From a Post-colonialism view, I would want too expose the other voices that are not being heard in this story. The “men” which Conrad is referring to as savages, what is there story, and if they were the ones telling this story maybe the reader would have a different perspective while reading. We only know what Conrad is telling us, but the things he keeps quiet about are the things that us readers should be interested about as well.

  4.    amark916 said,

    October 12, 2011 at 12:05 am

    Last Thursday I was apart of Group one. We were required to dissect pages 27-29. In this passage Marlowe discusses the sea and also discusses his encounters with the “Savages” at sea. The binary oppositions in this passage are Civilized/Savage, Good/Evil, Dark/Light, and Morality/Immorality. The four binaries chosen are all very relevant in the novel, but I believe the most relevant in the book is Civilized/Savage. Civilized is definitely looked at the hierarchy of the two. J Hillis Miller states that “the two words are separated by strange logic of the ‘para’ membrane which divides inside from outside and yet joins the two words in a bond, making strangers friends and the dissimilar similar.” When Marlowe recollects meeting the savages at see, he states that “They shouted, sang; their bodies screamed with perspiration; they had faces like grotesque masks—-these chaps; but they had bone, muscle, a wild vitality, an intense energy of movement, that was as natural and true as the surf along their coast. They wanted no excuse for being there. They were a great comfort to look at.” Civilized/Savage are feeding off or each other is this particular text. Conrad shows that the ‘Savages’ behave ‘Civilized’. They are humans with skin, bone, and muscle and they possess qualities of human beings. They are not animals. They are not the ones behaving in an uncivilized manner. From a deconstructionist perspective, the text can be interpreted in many different ways. We observed in the text how this particular binary becomes parasitic because the two feed of one another creating ambiguity in the text. Savage can now be civilized and vice versa.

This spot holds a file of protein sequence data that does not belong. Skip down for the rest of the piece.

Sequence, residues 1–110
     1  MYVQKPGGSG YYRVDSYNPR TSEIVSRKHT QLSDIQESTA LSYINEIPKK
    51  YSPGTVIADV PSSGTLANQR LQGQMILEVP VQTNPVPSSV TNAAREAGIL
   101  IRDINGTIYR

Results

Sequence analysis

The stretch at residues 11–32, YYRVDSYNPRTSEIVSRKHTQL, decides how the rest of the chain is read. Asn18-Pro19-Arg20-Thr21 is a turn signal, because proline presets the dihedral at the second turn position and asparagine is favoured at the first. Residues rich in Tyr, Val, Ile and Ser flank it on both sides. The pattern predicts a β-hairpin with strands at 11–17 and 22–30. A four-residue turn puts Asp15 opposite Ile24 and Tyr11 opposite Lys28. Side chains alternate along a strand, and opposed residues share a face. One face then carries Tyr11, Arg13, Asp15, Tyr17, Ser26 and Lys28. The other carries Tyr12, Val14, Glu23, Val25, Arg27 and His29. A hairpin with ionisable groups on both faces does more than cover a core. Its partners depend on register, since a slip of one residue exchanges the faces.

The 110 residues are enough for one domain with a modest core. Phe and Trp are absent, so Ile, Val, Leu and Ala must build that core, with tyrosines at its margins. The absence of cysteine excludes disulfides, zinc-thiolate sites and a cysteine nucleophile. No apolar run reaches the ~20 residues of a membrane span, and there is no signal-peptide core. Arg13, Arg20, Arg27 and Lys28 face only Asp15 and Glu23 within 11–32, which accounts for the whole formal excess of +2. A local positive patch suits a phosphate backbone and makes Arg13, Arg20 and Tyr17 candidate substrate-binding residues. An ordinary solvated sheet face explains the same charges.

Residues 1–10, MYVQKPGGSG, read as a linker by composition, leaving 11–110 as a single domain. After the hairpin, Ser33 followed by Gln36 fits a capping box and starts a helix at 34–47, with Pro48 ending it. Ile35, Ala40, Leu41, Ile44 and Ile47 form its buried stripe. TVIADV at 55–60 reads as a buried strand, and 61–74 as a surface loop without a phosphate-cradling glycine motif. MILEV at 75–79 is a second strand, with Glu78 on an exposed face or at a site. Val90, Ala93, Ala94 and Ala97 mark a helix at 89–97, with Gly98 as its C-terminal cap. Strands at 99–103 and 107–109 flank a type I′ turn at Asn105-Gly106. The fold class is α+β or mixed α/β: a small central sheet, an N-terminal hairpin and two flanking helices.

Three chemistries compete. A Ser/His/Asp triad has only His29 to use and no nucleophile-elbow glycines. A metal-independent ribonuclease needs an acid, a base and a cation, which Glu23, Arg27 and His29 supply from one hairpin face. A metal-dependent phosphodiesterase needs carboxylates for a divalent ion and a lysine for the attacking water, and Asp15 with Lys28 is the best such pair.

5.    awilliams108 said,

    October 12, 2011 at 11:46 am

    On Thursday 6th, October 2011 I was assigned to Group one, pages 27-29. The opposition’s binary that were implied or assumed in this passage was, Good/Evil, Educated/uneducated, and Civilized/Savages. Of these binaries mentioned Civilized/Savages was most important to address in the passage and that was relevant in the novel. Civilized/Savages, came about, on (Conrad, 20), the opposition civilized and uncivilized is basically a course of good and evil. The primitive ‘Savage’ was the description as dark, which was related to skin colour, also the attitude. Marlow called the natives at the first station “black shadow of disease and starvation.
    The chosen binary, Civilized/Savages, feed off each other In the J. Hillis Miller “The Critic as Host”. Parasites to her extend was “the one of those words which calls up its apparent opposite”. Meaning there is no paraside without any host or the main character. J Hillis mention that “Para” is where something is similar or resemble each other. For Conrad, he put it to words that one-man garbage is anther man treasure. As a new Critic, one has to know how to go about a reading using binaries on different prompts. Deconstructing a prompt with different ‘difference’ or binary helps a reader dig into meaning, for example “Ain’t I a Woman” by Sojourner truth. This poem would have a lot of binaries hidden or spotted in it.